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Thursday, Nov. 12, 2009
Informants to split ¥10 million bounty on fugitive
Police plan to split the ¥10 million reward among multiple informants who helped lead to the Tuesday evening collar of Tatsuya Ichihashi in Osaka, marking the first such payout since the bounty system was introduced in April 2007, a National Police Agency official said.
The ¥10 million is the highest offered among the 17 cases for which the NPA currently offers bounties, ranging from ¥1 million for information about identified suspects to ¥3 million for those who are unidentified.
Though thought to be a somewhat difficult practice to gain acceptance, the NPA turned to the system to resolve the apparent lack of information on crimes amid an increasing number of unsolved cases, said Akio Kuroki, a freelance journalist with 23 years of service at the Metropolitan Police Department.
"The largest contributor to his arrest is a photo of Ichihashi's face, not the bounty. But having the bounty is better than not having it because that gave the media one more reason to cover the case and publish the photo," Kuroki said.
However, the bounty also prompted many useless leads, he said. Chiba police were flooded with 9,500 tips seemingly related to Ichihashi, a police official said.
"That must have kept Chiba police unnecessarily busy," Kuroki said.
A reward is also being offered in the case of a 7-year-old girl in Tochigi Prefecture who was kidnapped and found dead in Ibaraki Prefecture in December 2005. Another involves a family of four in Tokyo's Setagaya Ward who were stabbed to death in their home in December 2000. Because there are no suspects, the amount of the reward is ¥3 million in both cases.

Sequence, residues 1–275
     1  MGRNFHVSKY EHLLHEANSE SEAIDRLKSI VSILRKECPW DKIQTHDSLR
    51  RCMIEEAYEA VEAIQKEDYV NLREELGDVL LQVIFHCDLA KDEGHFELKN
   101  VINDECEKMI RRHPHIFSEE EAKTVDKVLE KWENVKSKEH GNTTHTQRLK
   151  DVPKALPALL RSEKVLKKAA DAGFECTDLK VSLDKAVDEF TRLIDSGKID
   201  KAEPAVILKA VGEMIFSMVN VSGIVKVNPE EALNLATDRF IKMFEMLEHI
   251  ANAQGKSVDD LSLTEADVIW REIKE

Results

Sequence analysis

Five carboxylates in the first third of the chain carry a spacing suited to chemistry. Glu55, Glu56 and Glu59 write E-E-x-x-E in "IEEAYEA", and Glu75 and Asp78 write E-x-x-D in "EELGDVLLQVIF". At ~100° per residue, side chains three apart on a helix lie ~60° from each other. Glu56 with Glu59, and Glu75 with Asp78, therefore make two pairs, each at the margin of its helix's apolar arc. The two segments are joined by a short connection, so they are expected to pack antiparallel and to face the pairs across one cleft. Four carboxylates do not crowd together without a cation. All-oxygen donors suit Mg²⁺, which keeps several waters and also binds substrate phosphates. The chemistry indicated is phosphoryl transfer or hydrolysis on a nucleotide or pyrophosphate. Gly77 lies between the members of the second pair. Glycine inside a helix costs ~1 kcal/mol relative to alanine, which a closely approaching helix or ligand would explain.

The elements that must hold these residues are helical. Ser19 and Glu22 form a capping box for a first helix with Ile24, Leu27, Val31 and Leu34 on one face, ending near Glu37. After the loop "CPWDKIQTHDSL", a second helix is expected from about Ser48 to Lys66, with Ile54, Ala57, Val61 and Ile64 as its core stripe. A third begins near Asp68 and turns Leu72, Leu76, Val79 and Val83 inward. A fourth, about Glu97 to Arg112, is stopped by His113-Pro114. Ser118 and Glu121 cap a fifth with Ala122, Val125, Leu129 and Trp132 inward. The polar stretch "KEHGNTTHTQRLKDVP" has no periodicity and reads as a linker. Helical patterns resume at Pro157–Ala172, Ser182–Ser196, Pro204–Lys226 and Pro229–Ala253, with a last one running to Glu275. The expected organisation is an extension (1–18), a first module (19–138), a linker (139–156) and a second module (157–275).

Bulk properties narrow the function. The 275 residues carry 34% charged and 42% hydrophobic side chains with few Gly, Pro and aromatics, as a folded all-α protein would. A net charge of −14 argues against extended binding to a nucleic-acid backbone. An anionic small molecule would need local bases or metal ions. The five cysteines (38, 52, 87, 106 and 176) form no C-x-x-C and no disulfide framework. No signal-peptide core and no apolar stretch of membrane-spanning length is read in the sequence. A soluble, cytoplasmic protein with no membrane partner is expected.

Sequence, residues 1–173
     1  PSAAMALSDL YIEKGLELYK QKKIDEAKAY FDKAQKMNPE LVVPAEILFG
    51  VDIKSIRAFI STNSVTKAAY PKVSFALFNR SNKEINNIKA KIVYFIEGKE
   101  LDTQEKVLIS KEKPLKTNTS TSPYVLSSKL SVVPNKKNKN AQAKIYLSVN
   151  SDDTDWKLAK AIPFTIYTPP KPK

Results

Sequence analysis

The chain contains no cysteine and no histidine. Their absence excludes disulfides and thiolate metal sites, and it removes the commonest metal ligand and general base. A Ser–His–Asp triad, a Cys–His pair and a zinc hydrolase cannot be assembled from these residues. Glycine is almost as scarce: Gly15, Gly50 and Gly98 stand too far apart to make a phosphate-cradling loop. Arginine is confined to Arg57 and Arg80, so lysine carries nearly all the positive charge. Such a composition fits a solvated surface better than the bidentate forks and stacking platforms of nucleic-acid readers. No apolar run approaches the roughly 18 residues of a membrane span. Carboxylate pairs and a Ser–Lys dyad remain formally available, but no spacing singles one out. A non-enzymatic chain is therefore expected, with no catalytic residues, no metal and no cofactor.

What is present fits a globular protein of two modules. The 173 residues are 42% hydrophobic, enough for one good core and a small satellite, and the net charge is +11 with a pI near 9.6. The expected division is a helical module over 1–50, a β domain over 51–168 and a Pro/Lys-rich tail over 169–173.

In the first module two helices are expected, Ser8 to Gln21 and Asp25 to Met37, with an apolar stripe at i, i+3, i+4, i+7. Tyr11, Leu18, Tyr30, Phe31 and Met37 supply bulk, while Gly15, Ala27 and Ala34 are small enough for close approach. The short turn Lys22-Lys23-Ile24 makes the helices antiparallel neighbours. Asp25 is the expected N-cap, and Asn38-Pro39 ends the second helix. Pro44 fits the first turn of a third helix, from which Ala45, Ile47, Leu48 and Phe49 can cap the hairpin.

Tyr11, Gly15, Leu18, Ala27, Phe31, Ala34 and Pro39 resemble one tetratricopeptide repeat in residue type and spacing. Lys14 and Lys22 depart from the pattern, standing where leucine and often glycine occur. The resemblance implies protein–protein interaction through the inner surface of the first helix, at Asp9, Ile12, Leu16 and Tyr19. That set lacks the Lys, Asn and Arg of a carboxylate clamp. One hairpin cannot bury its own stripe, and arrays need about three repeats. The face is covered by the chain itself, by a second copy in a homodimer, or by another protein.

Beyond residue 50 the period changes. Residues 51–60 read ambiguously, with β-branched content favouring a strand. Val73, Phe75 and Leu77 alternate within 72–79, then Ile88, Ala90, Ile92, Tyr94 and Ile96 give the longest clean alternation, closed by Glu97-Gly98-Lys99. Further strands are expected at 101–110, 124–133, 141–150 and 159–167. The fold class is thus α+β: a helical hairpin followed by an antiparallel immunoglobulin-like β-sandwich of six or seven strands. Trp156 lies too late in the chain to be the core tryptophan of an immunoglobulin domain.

In the Ichihashi case, Chiba police will select those who are eligible for the bounty, which will be paid out by the NPA, the NPA official said.
Kuroki said a large sum should be paid to the person at the ferry terminal at Nanko port in Suminoe Ward, Osaka, who tipped off police Tuesday evening. The doctor in Nagoya who provided a photo of the suspect after plastic surgery was performed is also in line for a hefty reward.
In March 2007, six police officers who knew Ichihashi had been stalking Lindsay Ann Hawker, 22, an English teacher for the now-defunct Nova conversation school, went to Ichihashi's apartment in Ichikawa, Chiba Prefecture, and found her body in a sand-filled bathtub on the balcony. Ichihashi, who was there, managed to escape the scene barefoot.
"The fact that six officers were there means they must have had a compelling reason to fear Hawker was in danger. Letting Ichihashi escape is a major screw-up for police," Kuroki said. "The police must have badly wanted to catch him. That is probably why the bounty was increased to ¥10 million."
"Also, police will get Ichihashi to tell them the names of the plastic surgeons who performed the surgeries on him. Reportedly, he had about eight surgeries," Kuroki said. "Some of the surgeons may not be properly licensed, or may have known Ichihashi was wanted but performed surgery for the money."
"Police will have to do something about them. Otherwise, they cannot prevent similar cases," he added.